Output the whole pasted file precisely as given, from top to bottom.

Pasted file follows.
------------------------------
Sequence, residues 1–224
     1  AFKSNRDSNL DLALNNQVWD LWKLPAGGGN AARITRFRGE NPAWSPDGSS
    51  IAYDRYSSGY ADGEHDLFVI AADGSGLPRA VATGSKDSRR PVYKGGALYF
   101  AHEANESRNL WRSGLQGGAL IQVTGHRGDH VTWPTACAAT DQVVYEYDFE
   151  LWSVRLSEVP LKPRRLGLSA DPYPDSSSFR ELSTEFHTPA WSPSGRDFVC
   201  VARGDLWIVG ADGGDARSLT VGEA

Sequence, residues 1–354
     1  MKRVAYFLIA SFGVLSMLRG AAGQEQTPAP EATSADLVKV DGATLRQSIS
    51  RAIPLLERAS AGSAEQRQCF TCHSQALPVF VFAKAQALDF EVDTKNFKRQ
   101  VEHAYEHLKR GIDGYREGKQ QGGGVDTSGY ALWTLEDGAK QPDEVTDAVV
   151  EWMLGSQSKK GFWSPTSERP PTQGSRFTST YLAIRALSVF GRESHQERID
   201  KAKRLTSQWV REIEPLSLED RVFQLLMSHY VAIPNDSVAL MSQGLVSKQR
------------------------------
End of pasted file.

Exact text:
Sequence, residues 1–224
     1  AFKSNRDSNL DLALNNQVWD LWKLPAGGGN AARITRFRGE NPAWSPDGSS
    51  IAYDRYSSGY ADGEHDLFVI AADGSGLPRA VATGSKDSRR PVYKGGALYF
   101  AHEANESRNL WRSGLQGGAL IQVTGHRGDH VTWPTACAAT DQVVYEYDFE
   151  LWSVRLSEVP LKPRRLGLSA DPYPDSSSFR ELSTEFHTPA WSPSGRDFVC
   201  VARGDLWIVG ADGGDARSLT VGEA

Sequence, residues 1–354
     1  MKRVAYFLIA SFGVLSMLRG AAGQEQTPAP EATSADLVKV DGATLRQSIS
    51  RAIPLLERAS AGSAEQRQCF TCHSQALPVF VFAKAQALDF EVDTKNFKRQ
   101  VEHAYEHLKR GIDGYREGKQ QGGGVDTSGY ALWTLEDGAK QPDEVTDAVV
   151  EWMLGSQSKK GFWSPTSERP PTQGSRFTST YLAIRALSVF GRESHQERID
   201  KAKRLTSQWV REIEPLSLED RVFQLLMSHY VAIPNDSVAL MSQGLVSKQR